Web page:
I’m relieved the early to mid 2000s flirtation with Ron Paul-style economic libertarianism has withered off the vine, given how many people are now utterly dependent on government assistance to survive COVID. To me this situation is the perfect example of why government intervention is so necessary; people who would have lost their jobs did nothing to deserve their situation, and neither did their bosses who’d have to lay them off to keep their businesses afloat with a shrinking customer base.
(I’m wary of the phrases deserve and intention when discussing economics, as they’re often used to justify why poor people have no money. Systematic abuses, externalities, and lack of social mobility are easy to dismiss if you say poor people are lazy. In this context though, deserve fits).
I take this personally, because I flirted with the idea of libertarianism for a year or so after high school. Frank Nora interviewed Michael Badnarik in 2004, and he was articulate and reasonable. For social causes, centre-lefties like myself have much common ground and cause with libertarians. Their evidence-based approach to drug legalisation, harm minimisation, and women’s reproductive rights is another precious adult voice in the room. The No Agenda podcast’s coverage of full body scanners was the best in independent media. But the simplistic economics don’t add up for me.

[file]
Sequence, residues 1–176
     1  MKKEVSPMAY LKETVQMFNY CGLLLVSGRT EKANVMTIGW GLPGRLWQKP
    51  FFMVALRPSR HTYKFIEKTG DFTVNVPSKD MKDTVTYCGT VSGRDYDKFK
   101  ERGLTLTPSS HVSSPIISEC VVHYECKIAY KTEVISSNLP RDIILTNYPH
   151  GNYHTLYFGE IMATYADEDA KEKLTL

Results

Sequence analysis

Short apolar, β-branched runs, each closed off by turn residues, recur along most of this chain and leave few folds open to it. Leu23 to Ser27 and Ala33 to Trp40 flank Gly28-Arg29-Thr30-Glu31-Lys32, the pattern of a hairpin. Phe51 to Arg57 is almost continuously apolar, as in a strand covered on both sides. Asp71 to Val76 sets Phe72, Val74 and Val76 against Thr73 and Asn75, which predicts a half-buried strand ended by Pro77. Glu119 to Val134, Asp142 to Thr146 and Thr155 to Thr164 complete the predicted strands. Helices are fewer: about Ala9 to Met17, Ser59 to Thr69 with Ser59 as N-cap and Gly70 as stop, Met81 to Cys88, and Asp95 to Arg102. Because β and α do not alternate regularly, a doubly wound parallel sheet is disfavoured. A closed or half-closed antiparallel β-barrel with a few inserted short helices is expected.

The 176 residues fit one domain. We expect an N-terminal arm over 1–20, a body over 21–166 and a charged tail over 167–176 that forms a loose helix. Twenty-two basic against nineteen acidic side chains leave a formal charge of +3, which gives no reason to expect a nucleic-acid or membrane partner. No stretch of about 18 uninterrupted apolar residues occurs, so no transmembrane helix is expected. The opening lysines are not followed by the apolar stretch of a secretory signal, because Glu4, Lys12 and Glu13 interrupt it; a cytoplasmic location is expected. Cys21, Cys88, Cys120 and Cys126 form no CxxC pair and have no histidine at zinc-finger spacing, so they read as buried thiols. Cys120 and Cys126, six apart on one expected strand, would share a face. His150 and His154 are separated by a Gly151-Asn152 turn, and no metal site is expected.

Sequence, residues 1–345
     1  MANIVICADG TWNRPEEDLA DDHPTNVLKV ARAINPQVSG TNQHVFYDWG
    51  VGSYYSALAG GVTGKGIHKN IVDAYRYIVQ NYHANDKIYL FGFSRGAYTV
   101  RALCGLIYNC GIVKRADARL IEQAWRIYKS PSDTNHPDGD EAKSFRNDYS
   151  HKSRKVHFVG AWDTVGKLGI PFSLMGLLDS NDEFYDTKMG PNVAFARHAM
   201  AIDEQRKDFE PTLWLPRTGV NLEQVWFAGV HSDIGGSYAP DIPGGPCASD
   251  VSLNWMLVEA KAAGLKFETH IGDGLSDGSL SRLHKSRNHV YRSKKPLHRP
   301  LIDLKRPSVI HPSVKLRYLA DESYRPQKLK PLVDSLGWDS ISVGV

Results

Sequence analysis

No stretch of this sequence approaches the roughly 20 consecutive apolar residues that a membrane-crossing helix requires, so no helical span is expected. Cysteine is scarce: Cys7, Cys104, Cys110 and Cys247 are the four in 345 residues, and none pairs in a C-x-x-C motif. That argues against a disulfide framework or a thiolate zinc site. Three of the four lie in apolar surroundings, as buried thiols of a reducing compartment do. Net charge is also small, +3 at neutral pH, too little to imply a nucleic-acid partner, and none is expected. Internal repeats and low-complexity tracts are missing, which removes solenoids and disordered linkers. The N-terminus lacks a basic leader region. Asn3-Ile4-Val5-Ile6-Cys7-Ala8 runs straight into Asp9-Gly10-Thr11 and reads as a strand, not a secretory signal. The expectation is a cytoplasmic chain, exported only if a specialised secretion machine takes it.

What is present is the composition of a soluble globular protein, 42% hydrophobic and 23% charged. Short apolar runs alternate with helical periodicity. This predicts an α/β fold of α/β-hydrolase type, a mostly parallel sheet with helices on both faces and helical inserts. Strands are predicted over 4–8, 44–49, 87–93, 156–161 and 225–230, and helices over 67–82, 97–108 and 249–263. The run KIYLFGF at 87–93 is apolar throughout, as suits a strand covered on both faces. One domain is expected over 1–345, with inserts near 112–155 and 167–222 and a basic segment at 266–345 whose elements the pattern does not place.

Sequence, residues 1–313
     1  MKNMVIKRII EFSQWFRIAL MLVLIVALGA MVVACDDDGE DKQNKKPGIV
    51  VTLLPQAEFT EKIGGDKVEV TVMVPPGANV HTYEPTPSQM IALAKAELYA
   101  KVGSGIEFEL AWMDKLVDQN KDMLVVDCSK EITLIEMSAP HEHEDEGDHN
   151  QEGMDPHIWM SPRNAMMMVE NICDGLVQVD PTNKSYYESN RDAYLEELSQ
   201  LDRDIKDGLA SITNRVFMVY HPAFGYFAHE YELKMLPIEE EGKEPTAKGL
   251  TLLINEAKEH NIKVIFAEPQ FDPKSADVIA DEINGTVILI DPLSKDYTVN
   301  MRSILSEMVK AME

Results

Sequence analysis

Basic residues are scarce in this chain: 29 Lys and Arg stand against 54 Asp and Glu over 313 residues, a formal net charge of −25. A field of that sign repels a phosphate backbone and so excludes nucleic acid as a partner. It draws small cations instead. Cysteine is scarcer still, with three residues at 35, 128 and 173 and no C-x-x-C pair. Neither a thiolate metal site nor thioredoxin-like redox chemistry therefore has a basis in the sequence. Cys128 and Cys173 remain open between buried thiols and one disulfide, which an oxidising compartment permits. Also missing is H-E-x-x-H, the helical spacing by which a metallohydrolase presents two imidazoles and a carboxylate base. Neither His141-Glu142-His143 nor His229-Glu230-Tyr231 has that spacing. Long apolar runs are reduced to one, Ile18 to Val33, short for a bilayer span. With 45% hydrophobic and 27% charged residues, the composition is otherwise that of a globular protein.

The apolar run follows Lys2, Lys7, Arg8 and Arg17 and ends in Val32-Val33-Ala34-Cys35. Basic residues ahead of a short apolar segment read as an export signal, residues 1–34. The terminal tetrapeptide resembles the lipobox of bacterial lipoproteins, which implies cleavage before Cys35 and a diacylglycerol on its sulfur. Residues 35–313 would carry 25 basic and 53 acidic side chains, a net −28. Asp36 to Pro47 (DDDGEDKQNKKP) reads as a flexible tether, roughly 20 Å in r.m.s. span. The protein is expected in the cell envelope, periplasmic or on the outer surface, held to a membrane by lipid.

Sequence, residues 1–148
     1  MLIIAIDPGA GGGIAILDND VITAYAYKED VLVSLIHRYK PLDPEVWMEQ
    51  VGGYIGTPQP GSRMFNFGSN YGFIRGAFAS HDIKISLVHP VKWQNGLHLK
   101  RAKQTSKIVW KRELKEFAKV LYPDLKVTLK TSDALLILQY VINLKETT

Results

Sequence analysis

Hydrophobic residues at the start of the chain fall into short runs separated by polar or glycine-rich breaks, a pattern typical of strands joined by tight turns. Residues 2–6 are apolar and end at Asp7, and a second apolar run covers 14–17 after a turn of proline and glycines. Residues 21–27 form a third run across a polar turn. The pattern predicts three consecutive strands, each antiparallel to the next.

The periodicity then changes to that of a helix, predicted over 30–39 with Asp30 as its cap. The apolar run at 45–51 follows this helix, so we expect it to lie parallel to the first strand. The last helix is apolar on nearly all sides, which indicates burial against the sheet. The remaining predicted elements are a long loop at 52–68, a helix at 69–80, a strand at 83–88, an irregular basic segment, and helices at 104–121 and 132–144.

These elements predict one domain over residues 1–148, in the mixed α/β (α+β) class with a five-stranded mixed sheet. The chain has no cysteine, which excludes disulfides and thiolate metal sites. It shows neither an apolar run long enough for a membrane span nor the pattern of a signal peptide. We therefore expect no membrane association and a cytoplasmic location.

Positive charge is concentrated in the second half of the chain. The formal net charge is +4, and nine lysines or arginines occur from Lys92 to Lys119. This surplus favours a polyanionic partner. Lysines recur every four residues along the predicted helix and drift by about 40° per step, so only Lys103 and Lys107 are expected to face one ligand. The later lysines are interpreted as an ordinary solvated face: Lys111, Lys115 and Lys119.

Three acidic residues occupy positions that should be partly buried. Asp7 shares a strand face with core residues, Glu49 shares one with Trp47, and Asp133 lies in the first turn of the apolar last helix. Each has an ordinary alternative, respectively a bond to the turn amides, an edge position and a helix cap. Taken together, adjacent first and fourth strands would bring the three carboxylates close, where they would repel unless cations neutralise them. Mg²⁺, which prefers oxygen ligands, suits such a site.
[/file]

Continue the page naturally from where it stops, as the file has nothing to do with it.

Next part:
The situation has laid bare another economic horseshoe. The idea of everyone only working for the common good in communism sounds as idealistic and impractical as the libertarian view that everyone fending for themselves will best serve society. What we need is equal opportunity, and assistance for people who are on hard times. I don’t think these ideas conflict.
Which leads us to COVID being the ultimate economic externality. It’s impossible to ignore, it affects everyone, and selfish economic interests can’t fix it. The societies that will come out of this the healthiest are those that acknowledge that governments and markets are allies, not foes.